Newman/Haas IndyCar

I though Tom Selleck had let himself go for a second there...

I’m starting to wonder what’s left to say about racing games on the Super Nintendo. Most titles you encounter tend to follow the same formula set by Pole Position back in the early 1980’s, with either a behind-the-car or first-person perspective and pseudo-3D graphics for the track. Some of these tried to inject a bit more depth into the gameplay by introducing elements such as turbo pads (boosts speed), brake and suspension wear (boosts realism), or banana peels (boosts energy and cardiovascular health, not to mention clichéd physical comedy antics).

But therein lies what seems to be the root of my issue with most of these racing games. There just doesn’t seem to be all that much variety. Find the accelerate button, maybe the brake button (not the buttons to change gears, though, as I can do a fine enough job of losing with an automatic transmission), and go. I mean, I did find this game somewhat entertaining. I also found Pole Position entertaining as well back in the day. There’s not a huge difference between the two here. Sure, Newman/Haas IndyCar looks nicer with its 16-bit era graphics. That would be just mean to compare the graphics of Pole Position to it. On the other hand, your car doesn’t immediately explode on impact in a giant ball of fire and assorted parts in this game like it does with Pole Position. Points lost for that mistake, Newman/Haas.

This game also proudly features racing driver Nigel Mansell. I don’t know who he is, but I can’t deny the allure of his majestic mustache. Points regained.

I couldn’t help but wonder though how much different this game would be if it was instead Newman/Haas IndyCar featuring Clint Mansell, with the soundtrack replaced by old Pop Will Eat Itself tunes. Alright, the transition to SNES music would have most likely been a bit painful. Either way, a racing game with “Not Now James, We’re Busy…” (which covers James Brown’s 1988 arrest after a high-speed car chase) playing in the background would have been far more entertaining and appropriate.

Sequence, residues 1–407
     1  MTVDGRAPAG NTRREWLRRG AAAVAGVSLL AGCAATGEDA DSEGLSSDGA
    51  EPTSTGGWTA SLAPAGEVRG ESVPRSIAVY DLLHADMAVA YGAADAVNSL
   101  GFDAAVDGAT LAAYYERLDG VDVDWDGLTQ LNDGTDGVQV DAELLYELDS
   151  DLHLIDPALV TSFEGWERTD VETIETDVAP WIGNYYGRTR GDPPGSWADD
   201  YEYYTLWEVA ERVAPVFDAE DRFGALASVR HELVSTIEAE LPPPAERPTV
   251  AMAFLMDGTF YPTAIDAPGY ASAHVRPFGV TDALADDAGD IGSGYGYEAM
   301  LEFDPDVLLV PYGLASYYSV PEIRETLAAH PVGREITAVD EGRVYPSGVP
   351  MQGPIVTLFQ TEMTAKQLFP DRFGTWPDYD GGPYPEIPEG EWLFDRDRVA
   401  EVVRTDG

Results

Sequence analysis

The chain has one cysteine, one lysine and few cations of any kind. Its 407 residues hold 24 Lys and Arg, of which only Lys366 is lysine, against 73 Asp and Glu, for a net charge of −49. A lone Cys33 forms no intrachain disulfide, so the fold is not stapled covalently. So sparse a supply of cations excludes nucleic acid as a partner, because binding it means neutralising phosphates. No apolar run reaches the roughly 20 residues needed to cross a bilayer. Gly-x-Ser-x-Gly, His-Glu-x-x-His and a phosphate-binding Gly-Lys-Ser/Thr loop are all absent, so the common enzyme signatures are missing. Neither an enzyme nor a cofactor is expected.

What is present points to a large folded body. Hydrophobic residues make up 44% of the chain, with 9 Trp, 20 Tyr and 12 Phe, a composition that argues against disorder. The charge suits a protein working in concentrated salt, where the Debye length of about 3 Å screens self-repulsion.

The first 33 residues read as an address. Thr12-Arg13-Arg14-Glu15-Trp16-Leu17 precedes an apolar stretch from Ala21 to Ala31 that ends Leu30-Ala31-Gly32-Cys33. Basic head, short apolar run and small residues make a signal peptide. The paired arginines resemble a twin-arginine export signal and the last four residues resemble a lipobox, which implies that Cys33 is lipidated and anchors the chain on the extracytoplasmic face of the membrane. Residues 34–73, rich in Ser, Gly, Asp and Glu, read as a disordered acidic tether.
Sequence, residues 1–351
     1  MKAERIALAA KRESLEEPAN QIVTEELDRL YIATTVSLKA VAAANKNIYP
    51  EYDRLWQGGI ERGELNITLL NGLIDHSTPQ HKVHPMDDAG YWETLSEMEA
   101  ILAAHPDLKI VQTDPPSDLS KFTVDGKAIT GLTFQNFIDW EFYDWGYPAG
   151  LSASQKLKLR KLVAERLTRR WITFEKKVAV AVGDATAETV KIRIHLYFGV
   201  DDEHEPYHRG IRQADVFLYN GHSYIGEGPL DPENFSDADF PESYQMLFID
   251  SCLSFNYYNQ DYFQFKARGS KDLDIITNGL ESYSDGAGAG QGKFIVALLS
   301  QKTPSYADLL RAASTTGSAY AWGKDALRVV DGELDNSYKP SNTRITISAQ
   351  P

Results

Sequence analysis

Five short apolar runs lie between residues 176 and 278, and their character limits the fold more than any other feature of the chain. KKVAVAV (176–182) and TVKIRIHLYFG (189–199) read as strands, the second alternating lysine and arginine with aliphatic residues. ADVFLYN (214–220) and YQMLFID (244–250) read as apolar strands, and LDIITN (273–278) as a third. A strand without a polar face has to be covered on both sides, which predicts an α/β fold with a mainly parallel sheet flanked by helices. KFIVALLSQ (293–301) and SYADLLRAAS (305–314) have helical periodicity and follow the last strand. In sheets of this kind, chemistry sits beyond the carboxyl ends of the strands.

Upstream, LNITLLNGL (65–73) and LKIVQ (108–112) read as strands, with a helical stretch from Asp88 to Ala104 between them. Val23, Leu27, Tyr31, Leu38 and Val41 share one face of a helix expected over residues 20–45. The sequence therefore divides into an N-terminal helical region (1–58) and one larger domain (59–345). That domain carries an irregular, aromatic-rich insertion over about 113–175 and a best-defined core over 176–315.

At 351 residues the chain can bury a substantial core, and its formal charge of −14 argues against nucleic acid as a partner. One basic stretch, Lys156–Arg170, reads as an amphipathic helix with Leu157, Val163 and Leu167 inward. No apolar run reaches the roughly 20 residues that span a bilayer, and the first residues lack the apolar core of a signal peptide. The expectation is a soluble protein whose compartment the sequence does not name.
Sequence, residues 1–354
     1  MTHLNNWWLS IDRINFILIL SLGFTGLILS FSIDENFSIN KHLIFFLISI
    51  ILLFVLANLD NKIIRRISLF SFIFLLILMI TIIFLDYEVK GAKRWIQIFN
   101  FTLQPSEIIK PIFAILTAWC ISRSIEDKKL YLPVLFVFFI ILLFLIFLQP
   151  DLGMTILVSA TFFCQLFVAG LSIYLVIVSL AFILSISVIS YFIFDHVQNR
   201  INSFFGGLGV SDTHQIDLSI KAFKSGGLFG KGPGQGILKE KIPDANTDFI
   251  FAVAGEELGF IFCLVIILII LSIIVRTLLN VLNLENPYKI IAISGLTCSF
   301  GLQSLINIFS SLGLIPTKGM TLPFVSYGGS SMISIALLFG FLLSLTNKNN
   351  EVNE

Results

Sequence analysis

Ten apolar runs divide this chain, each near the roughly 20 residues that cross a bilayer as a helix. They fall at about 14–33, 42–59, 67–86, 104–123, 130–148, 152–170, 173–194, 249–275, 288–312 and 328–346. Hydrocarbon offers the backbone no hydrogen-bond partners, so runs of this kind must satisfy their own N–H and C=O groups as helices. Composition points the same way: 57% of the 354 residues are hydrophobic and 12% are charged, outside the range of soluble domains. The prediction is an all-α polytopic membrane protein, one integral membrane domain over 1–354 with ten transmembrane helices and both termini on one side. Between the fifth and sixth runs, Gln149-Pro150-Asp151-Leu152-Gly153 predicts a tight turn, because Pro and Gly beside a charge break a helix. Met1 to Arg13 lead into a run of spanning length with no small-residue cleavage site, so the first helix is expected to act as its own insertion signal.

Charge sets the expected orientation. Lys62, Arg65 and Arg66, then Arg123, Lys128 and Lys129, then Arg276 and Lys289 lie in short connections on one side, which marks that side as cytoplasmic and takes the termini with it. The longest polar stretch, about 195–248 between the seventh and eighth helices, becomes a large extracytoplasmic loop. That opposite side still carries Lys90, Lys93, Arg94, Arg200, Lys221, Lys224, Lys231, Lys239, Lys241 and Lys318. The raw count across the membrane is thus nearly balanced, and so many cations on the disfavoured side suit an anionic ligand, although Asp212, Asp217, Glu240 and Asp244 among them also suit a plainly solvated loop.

Wait a sec…a racing game with a drug-addled James Brown at the wheel as well? Solid fucking gold.

"Faster, Soul Master! They're coming at you from all directions!"

Michael Andretti’s Indy Car Challenge

Michael Andretti's Ego-Driven Challenge™
Yes, the wall is covered with nothing but the word "Michael"...

So, do you like IndyCar racing? Do you like looking at Michael Andretti’s face? Do you like looking at Michael Andretti’s name? Not just a little, I mean a lot

Well, then this game’s for you!

Now keep your distance, you sick bastard…

Michael Andretti's Indy Car Menu™
Hey there...

Excessive display of Señor Andretti’s crude, palletized visage aside, Michael Andretti’s Indy Car Challenge presents us with a fairly bland arcade racing experience. The main championship game mode is supplemented by your typical practice race option, as well as a versus mode in case you have any friends who also share an unhealthy fetish for Michael Andretti. That’s about it. Sure, you can use a password to continue an existing championship game, but who in their right mind that isn’t actively defending the Confederate flag as “heritage not hate” whilst proudly displaying it above the gun rack in their beat-up dually truck would want to continue after playing once?

Controls are at least fairly responsive, helping make the game easy to pick up while at the same time remaining challenging/awkward enough that you’re probably not going to succeed in every race on the first try. The game also has the distinction of providing a “reverse” button, because how many times have you played a racing game and wished you could drive in reverse? Well, in all honesty, I admit that I have. Then again, I’m an asshole, so you can’t expect much less now.

Graphically, this game isn’t going to win any beauty pageants. All cars are palette swaps of the same rudimentary set of illustrations, and the Mode-7 tracks look like…well…Mode-7 tracks. Seriously, you can’t expect much else from the Super Nintendo’s Mode-7 effects. They almost make the platform a breeding ground for boring, ugly racing games.

Michael Andretti's In-game Screenshot For Your Eyeballs™

Unless you absolutely love Michael Andretti and want to have, like, ten million of his babies, you should save your allowance money for something else.